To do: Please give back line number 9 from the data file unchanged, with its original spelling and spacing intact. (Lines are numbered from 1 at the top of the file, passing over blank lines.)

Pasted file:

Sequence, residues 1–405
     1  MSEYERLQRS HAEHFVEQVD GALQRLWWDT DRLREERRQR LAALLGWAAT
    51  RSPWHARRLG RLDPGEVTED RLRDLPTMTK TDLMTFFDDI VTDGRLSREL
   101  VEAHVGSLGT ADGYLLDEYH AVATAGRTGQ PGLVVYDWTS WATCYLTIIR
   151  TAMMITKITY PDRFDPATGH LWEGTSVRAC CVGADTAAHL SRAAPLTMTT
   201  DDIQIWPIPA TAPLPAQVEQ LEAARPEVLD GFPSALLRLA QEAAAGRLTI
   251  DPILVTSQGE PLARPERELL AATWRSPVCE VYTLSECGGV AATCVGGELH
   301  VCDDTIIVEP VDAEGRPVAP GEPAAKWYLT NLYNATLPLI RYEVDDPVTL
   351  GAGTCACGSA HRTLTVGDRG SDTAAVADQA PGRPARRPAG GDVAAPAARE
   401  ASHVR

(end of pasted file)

   351  GAGTCACGSA HRTLTVGDRG SDTAAVADQA PGRPARRPAG GDVAAPAARE